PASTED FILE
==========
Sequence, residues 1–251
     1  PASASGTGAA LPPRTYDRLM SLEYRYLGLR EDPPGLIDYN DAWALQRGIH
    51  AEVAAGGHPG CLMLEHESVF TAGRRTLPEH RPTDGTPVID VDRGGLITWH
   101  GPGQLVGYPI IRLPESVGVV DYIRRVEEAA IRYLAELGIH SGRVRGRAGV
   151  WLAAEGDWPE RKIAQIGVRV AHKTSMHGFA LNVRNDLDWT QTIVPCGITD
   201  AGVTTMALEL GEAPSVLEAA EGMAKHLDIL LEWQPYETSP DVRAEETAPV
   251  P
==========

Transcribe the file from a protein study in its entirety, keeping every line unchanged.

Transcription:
Sequence, residues 1–251
     1  PASASGTGAA LPPRTYDRLM SLEYRYLGLR EDPPGLIDYN DAWALQRGIH
    51  AEVAAGGHPG CLMLEHESVF TAGRRTLPEH RPTDGTPVID VDRGGLITWH
   101  GPGQLVGYPI IRLPESVGVV DYIRRVEEAA IRYLAELGIH SGRVRGRAGV
   151  WLAAEGDWPE RKIAQIGVRV AHKTSMHGFA LNVRNDLDWT QTIVPCGITD
   201  AGVTTMALEL GEAPSVLEAA EGMAKHLDIL LEWQPYETSP DVRAEETAPV
   251  P